One solution is the Universal Basic Income. This has two major flaws. Unless it is high enough to make working optional it will basically be a top up to income gained by wage-labour. Employers will be able to drop wages and force self employed rates down, but keep prices stable. If the basic income is high enough to make work optional for everyone but low enough that working is worthwhile it will be unaffordable unless the machines that take over the jobs are taxed. Business owners would need convincing that the tax would come back to them as the now jobless public consume their products.

Another option is to reduce the working week with no drop in income. Gorz suggests a 1,000 hour year, which would be insignificant in say Germany where the average is a 1300 hour year. Initially however reducing the working week to 4 days and a total of 30 hours would have a significant impact. A five day week of 30 hours would have much less impact as it would not free up leisure time in a way that could be properly enjoyed. One day a week is worth more, in this context, than a two hour reduction in the working day. This would, at least temporarily, create wage-labour jobs delaying a social crisis. Further reductions to the working week could be made later.

Or there could be a guaranteed job for everyone at a sensible wage. This would mean a lot of unneeded jobs would be created and be highly inefficient.

These approaches do not challenge the dominance of work. A basic income is effectively a handout to business. A reduced working week wont prevent the amount of labour needed shrinking, merely delay the crunch point and guaranteed employment will create fake jobs.

If however everyone had access to basic needs, which must be defined by public debate, created and maintained by robots an informal economy would arise. The medium of exchange is unpredictable, though Ian Banks’ gas giant dwellers who used “Kudos”, and supplying goods and services to high kudos individuals attracted kudos to the supplier may hint at one possible future.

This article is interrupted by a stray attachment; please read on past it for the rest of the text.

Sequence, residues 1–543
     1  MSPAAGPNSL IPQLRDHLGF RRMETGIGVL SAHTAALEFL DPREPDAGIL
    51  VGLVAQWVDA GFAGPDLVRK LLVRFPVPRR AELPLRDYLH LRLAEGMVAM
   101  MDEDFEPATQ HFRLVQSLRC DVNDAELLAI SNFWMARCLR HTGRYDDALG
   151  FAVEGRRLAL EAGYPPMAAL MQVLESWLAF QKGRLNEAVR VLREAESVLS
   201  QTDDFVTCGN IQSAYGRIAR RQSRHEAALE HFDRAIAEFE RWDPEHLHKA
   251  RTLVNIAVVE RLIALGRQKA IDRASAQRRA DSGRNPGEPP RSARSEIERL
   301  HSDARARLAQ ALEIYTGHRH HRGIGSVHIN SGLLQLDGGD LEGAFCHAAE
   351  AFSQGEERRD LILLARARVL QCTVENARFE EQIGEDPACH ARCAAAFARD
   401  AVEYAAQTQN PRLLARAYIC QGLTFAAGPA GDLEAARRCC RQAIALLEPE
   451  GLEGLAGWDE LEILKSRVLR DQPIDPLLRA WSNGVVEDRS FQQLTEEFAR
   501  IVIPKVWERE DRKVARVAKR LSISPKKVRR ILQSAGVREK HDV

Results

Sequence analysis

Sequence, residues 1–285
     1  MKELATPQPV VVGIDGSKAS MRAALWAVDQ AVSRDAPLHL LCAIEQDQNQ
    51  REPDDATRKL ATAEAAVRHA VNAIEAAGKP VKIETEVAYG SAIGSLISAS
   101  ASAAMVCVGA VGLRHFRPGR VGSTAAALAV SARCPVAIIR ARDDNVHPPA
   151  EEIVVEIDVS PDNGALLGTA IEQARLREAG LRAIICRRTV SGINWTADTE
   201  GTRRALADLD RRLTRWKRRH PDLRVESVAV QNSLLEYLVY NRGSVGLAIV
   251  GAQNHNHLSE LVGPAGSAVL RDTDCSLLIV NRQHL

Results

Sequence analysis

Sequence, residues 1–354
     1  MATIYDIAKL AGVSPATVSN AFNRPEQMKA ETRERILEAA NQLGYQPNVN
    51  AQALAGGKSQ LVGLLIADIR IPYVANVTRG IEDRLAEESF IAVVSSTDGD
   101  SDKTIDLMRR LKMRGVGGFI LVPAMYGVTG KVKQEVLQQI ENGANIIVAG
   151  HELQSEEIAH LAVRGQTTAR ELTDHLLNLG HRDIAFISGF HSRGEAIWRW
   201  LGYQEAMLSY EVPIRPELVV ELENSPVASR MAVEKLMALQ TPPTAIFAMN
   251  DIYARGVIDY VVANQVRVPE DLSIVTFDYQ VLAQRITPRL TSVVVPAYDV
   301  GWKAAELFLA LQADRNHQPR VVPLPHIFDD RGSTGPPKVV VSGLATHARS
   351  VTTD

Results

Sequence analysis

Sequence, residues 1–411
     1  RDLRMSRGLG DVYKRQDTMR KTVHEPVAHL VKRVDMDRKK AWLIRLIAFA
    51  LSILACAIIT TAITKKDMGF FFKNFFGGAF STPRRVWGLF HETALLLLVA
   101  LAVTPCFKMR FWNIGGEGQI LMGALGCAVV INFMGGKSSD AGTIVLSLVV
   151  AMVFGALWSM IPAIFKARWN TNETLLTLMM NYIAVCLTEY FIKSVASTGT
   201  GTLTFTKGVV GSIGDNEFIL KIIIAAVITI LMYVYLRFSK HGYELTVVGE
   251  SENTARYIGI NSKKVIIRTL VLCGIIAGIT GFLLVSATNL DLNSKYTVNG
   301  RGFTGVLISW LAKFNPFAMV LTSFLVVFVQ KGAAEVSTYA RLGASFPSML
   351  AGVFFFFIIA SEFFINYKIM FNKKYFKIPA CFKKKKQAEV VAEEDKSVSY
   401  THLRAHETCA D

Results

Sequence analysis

Summary

Technology and AI mean the job market will decrease for the foreseeable future as will work to achieve a result. The remaining work will be that which requires human-human interaction. Currently proposed solutions to the problems this raises do not challenge the dominance of work and only delay things. The idealistic end goal of a world where work is optional, with, for example socially useful or popular autonomous work generating “Kudos” that rubs off seems the only desirable goal.

Comments

    0 of 8192 characters used
    Post Comment

    No comments yet.

    working

    This website uses cookies

    As a user in the EEA, your approval is needed on a few things. To provide a better website experience, hubpages.com uses cookies (and other similar technologies) and may collect, process, and share personal data. Please choose which areas of our service you consent to our doing so.

    For more information on managing or withdrawing consents and how we handle data, visit our Privacy Policy at: https://hubpages.com/privacy-policy#gdpr

    Show Details
    Necessary
    HubPages Device IDThis is used to identify particular browsers or devices when the access the service, and is used for security reasons.
    LoginThis is necessary to sign in to the HubPages Service.
    Google RecaptchaThis is used to prevent bots and spam. (Privacy Policy)
    AkismetThis is used to detect comment spam. (Privacy Policy)